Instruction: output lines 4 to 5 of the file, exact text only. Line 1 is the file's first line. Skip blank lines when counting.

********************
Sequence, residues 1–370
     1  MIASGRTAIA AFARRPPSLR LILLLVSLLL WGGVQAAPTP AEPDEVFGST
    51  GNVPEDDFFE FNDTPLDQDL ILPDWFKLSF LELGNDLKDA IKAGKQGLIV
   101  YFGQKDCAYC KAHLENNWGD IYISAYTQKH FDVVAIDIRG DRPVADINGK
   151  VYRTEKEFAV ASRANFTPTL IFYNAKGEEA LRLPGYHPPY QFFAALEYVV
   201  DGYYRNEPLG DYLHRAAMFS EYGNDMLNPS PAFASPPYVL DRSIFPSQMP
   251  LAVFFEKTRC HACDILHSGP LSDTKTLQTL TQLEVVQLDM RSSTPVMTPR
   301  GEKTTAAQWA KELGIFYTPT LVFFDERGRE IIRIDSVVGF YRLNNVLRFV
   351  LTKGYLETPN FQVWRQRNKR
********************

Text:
   101  YFGQKDCAYC KAHLENNWGD IYISAYTQKH FDVVAIDIRG DRPVADINGK
   151  VYRTEKEFAV ASRANFTPTL IFYNAKGEEA LRLPGYHPPY QFFAALEYVV